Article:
Going to Court


The police will often try to tidy up their case load and improve their records by offering a caution. For the professional, this should rarely be accepted – you could have the rest of your career ruined by accepting a police caution as many people are now subject to Disclosure and Barring Service checks (DBS).

Don’t accept a caution until you have spoken to one of our team. There is no such thing for the professional as a “minor offence”.

Dropping the Case

This is called a “discontinuance” by the Crown Prosecution Service (the agency that represents the police in court). A discontinuance is rare. However it can be achieved if we can persuade the prosecutor that the police have failed to gather evidence that shows you are innocent.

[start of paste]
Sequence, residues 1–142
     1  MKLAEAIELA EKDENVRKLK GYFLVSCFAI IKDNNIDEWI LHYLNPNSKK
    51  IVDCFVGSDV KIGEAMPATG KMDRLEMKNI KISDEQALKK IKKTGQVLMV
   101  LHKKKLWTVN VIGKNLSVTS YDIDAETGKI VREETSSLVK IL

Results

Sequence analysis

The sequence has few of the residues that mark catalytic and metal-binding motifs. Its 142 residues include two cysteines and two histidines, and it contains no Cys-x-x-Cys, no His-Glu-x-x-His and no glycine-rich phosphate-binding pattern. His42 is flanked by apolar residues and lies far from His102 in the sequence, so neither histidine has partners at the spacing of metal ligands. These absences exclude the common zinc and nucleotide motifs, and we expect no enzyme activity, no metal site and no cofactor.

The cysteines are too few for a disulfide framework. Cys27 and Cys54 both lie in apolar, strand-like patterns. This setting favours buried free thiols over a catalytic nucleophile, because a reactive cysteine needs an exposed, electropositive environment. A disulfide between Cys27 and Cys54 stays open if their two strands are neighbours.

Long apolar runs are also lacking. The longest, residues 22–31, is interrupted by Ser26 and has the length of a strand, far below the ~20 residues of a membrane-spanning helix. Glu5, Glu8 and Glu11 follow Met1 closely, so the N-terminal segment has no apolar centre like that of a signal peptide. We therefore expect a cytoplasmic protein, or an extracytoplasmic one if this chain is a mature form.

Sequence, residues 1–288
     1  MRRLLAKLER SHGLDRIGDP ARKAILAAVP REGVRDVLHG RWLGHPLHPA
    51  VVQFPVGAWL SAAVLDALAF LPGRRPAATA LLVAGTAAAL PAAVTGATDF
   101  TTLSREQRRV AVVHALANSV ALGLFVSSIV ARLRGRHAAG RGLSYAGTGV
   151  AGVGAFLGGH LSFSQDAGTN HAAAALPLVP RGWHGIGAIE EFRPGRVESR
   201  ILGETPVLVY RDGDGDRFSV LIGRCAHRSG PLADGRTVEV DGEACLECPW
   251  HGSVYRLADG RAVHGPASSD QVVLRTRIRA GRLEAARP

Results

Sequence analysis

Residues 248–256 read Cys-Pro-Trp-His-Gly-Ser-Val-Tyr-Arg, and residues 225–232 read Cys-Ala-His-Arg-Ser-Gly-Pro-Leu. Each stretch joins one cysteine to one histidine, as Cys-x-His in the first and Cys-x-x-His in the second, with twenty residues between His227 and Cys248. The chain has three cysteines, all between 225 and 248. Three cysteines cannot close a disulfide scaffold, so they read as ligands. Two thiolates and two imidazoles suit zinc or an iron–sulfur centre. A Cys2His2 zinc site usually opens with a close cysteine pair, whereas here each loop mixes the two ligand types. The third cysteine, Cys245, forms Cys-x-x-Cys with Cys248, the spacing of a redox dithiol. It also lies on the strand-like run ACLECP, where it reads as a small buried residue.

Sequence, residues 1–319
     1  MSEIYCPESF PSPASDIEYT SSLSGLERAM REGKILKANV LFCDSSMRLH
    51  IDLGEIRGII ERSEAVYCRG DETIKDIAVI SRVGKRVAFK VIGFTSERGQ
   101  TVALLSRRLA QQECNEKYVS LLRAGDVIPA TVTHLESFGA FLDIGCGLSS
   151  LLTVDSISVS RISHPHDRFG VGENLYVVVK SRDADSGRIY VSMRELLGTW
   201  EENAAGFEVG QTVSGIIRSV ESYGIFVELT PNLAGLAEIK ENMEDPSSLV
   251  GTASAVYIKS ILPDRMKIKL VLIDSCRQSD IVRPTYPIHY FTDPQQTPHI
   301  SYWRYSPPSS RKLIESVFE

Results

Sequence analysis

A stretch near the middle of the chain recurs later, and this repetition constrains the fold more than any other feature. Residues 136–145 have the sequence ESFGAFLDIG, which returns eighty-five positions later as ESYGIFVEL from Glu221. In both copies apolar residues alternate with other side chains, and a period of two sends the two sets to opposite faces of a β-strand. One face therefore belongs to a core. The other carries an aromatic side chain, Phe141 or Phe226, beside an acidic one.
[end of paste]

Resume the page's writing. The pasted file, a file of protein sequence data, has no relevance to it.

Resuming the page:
Alternatively, we can try to persuade the prosecutor that there are exceptional circumstances which would justify them dropping your case.


When the prosecutor won’t be persuaded to drop your case, then it is likely that your case will proceed to trial. If this happens, then your case must be thoroughly prepared. We meet with you as many times as required.

If expert evidence and further investigation is required, then we will instruct the best experts to support your defence at the earliest possible stage.